Currently I’m involved in and generally lead a large-scale infrastructure upgrade project for one of our customers.
Not disclosing any particular names, I’ll bring in a pattern and tactics we implemented.
(However, our MeetUp co-participants, and also Wednesday Evening meetings friends already heard some technical details on the project, and we’re gonna discuss more of details next time. Anybody wishing to participate in those – You are welcome to join us.)
So the ground starting picture was following:
- Windows 2003 AD Domain,
- 3 Exchange 2010 SP1, two pairs of Mailbox databases/Public Folders databases instances.
- 1 Exchange 2003 with a Public Folders database and a couple of system mailboxes.
- Exchange 2010 was recently published with IIS ARR (together with Lync Server 2013 I’ve deployed there just before the last Christmas)
The goal was to perform the entire server infrastructure to Windows Server 2012 and Exchange 2013. This pretty basic-looking plan curtains a whole bunch of tiny works to do, while keeping the infrastructure up and running for daily operations.
The upgrade path I’ve designed and implemented was this:
- Since the Exchange 2003 is incompatible with 2013 in the same Organization – First, we had migrated all the Public Folders data, system mailboxes and RUS (Recipient Update Service) to Exchange 2010 servers. Remember to check mail-enabled Public Folders, often those lose their recipient attributes after being migrated from 2003 to 2010; regular remedy: Verify Alias, – mail-disable, – mail-enable again.
- After well-known hassle with properly-uninstallable Exchange 2003 databases – it was successfully removed from the Exchange Organization finally. Organization check list verification run.
- Now we had more or less clean Exchange 2010 environment, which should be prepared for Windows Server 2012 R2. So the Exchange Servers were updated to SP3 and Update Rollup 5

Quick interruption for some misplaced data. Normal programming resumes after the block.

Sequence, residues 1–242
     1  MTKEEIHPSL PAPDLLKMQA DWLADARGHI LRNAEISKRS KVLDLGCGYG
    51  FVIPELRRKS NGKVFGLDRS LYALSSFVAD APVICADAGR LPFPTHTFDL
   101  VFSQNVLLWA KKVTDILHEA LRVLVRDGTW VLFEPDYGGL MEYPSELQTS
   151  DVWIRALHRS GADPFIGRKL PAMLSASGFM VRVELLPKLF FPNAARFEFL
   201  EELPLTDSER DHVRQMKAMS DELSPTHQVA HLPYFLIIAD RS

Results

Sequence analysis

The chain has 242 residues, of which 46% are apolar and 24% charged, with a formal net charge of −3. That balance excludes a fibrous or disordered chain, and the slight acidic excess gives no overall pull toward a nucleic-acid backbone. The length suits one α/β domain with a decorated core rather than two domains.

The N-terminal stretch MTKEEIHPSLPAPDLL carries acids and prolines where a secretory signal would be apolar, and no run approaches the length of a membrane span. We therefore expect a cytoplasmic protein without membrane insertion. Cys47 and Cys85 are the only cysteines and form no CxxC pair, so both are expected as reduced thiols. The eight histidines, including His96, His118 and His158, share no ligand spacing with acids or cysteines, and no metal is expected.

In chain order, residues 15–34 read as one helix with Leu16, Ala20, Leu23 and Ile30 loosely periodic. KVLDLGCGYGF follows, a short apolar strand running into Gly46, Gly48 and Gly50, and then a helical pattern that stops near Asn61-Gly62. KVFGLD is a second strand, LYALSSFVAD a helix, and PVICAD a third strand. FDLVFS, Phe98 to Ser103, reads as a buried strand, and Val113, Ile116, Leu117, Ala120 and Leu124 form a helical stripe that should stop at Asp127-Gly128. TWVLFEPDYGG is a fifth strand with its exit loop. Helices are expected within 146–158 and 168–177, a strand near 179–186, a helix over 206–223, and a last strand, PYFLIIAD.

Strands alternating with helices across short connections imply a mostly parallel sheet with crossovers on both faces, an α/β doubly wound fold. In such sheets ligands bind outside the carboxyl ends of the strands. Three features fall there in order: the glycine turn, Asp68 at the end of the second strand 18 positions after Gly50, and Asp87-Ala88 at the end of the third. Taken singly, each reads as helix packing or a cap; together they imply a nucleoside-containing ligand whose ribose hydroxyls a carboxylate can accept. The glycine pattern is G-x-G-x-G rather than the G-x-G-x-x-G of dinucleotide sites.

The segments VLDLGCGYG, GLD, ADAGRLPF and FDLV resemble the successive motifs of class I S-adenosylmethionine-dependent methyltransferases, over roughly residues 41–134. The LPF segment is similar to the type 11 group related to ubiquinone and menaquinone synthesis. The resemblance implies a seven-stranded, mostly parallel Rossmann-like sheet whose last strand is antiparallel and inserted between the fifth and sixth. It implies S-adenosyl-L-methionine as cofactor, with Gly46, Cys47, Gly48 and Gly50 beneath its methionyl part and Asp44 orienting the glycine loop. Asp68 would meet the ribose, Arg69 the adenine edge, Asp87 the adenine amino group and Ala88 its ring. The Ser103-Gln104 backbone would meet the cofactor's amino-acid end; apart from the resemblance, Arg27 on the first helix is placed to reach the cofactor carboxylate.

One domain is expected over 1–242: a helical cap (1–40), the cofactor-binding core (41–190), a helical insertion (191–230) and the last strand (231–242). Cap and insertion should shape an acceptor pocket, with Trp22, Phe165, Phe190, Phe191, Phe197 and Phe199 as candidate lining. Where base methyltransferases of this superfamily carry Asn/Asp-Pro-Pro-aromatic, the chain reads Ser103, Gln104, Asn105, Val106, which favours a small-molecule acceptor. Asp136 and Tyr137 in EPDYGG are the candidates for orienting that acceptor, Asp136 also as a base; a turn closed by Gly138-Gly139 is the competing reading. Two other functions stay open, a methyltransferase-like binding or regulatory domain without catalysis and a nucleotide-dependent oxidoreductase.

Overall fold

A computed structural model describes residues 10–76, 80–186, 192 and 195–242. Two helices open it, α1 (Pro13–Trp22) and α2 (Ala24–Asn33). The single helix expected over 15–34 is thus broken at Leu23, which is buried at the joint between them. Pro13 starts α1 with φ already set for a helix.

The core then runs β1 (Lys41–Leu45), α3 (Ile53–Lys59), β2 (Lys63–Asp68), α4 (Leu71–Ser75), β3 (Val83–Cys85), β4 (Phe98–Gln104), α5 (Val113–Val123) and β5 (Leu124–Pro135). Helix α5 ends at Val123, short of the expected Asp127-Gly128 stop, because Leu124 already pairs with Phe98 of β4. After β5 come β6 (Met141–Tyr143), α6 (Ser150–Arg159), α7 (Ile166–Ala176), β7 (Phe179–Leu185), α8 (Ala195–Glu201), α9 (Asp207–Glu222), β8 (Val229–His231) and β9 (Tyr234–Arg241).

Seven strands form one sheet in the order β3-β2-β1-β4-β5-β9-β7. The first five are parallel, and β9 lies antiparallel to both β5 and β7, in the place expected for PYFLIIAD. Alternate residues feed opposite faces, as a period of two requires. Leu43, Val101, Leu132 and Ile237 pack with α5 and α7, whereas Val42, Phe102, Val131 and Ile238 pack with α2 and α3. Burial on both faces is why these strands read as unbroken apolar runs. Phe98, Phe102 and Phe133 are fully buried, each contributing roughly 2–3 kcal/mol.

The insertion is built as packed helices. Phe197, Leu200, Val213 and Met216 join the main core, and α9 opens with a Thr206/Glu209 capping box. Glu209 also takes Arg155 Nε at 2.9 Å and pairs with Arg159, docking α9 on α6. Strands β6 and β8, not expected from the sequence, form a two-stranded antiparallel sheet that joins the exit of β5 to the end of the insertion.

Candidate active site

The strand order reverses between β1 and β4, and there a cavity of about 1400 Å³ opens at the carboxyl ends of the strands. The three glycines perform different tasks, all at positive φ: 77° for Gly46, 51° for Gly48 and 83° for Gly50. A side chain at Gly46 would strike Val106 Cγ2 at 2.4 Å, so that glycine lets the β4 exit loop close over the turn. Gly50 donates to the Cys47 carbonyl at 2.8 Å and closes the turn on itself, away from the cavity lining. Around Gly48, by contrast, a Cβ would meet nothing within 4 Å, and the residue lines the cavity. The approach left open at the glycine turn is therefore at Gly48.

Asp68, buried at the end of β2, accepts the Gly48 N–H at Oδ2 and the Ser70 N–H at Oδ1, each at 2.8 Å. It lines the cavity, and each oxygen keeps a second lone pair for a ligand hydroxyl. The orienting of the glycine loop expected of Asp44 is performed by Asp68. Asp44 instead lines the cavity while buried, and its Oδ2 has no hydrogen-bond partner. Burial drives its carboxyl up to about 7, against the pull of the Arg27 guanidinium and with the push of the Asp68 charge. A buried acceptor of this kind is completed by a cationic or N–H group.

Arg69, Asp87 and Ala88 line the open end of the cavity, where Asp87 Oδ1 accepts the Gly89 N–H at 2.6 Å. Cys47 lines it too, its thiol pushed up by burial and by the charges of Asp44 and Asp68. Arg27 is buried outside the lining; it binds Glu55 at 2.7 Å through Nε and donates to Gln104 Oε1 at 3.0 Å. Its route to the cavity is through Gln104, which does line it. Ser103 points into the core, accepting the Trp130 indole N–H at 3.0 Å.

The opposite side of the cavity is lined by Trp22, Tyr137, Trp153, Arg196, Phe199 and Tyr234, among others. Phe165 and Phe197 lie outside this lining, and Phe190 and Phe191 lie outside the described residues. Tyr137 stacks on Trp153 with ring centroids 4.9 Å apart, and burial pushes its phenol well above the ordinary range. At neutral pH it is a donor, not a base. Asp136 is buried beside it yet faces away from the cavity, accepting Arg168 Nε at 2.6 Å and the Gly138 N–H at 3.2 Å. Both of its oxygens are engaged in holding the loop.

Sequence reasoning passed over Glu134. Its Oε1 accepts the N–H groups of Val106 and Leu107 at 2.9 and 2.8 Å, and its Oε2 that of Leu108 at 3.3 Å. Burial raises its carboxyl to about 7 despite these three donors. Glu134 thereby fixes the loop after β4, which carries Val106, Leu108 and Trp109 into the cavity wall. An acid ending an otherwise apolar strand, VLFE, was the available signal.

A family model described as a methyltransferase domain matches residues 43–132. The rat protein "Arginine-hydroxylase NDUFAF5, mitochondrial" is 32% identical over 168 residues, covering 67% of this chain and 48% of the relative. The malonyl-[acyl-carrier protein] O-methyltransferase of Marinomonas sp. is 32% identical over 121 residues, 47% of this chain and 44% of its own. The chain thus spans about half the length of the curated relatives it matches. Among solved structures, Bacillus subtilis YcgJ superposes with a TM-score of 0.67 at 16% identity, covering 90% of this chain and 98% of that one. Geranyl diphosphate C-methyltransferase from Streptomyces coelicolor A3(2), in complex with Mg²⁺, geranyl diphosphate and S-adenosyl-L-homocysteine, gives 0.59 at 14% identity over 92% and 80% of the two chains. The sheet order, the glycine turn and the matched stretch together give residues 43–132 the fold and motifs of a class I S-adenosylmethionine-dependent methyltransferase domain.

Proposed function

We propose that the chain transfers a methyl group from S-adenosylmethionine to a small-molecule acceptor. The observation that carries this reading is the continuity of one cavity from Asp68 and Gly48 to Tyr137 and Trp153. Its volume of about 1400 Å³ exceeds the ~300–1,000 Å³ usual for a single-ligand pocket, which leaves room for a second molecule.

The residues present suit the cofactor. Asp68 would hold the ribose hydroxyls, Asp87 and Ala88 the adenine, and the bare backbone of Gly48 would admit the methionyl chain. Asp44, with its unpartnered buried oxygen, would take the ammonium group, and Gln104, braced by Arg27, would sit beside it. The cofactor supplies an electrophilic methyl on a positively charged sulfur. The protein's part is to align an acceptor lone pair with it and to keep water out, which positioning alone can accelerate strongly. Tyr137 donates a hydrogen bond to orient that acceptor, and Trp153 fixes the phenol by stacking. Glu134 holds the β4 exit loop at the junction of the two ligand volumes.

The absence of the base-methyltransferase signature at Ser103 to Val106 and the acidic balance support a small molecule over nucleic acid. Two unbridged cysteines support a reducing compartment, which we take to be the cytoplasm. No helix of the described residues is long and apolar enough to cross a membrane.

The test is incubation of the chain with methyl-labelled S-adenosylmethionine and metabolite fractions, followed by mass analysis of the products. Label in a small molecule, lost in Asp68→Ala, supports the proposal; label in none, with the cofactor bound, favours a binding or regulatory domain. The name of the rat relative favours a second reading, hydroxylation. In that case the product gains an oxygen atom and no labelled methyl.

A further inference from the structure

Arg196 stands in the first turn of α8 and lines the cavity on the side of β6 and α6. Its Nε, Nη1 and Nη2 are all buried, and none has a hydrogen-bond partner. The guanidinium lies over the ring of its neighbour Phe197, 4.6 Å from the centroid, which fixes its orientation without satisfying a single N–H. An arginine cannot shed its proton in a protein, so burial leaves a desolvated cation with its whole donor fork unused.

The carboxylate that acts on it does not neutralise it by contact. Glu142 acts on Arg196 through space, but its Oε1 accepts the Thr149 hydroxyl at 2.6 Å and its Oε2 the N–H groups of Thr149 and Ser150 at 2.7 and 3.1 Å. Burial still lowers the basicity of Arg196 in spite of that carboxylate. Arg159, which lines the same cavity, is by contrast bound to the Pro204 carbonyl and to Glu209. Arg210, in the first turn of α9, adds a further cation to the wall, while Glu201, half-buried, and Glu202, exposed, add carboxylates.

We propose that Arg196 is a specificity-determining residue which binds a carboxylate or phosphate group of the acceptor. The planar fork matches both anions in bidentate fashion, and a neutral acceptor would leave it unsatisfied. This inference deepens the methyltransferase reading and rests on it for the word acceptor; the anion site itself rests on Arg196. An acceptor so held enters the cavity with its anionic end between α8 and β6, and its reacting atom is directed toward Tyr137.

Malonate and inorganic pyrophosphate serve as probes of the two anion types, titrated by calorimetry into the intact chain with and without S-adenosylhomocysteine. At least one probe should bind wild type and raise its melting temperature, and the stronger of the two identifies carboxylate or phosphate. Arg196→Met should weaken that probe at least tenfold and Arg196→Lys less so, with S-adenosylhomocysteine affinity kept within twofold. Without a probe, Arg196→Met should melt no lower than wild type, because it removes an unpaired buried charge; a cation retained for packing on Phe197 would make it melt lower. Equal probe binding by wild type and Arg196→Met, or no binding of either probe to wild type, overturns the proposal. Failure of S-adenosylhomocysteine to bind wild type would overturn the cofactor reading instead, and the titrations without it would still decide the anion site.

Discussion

- Now it’s the time to deploy Windows Server 2012 R2 for Domain Controllers and Exchange Server hosts. Total count was 8 new Windows Server 2012 R2 Domain Controllers for 4 AD Sites, in replacement for chaotic and overloaded 11 old Windows 2003 DCs.
- Deploying 2 new Exchange Server 2013 SP1 on top of Windows Server 2012 R2 – Client Access + Mailbox Server role with DAG
- Deploying 2 more Exchange 2013 SP1/Windows 2012 R2 for Edge Transport role instances, firing EdgeSubscription, setting up all the necessary SMTP connectors.
- Now the Client Access Services publishing part comes. Here we decided to implement Web Application Proxy system, – two more Windows Server 2012 R2 servers, one for WAP and another for ADFS 3.0.
- Thereafter, we could migrate all mailboxes data from 2010 to Exchange 2013 DAG cluster.
- Public Folders were exported from Exchange 2010 and re-imported in form of Shared Mailboxes to Exchange 2013.
- Finally, there is a quarantine stage, when Exchange 2013 servers carry on all the system, and 2010s are on hold for a while, before being uninstalled from the Exchange organization.
While there is not much of supernatural in this project, I still wanted to show up that there is nothing to be feared or doubted of new servers. This example project clearly demonstrates that some skillful hands (I’m sure you have those) can carry on the entire organization with newest Exchange Server 2013 SP1 and Windows Server 2012 R2 without even average-size troubles.
I will describe some technical implementation steps more deeply at our closest upcoming Wednesday Evening meeting, but even if you can’t participate in this by a reasons, but still are interested on implementing this at yours – you can shoot your questions down here.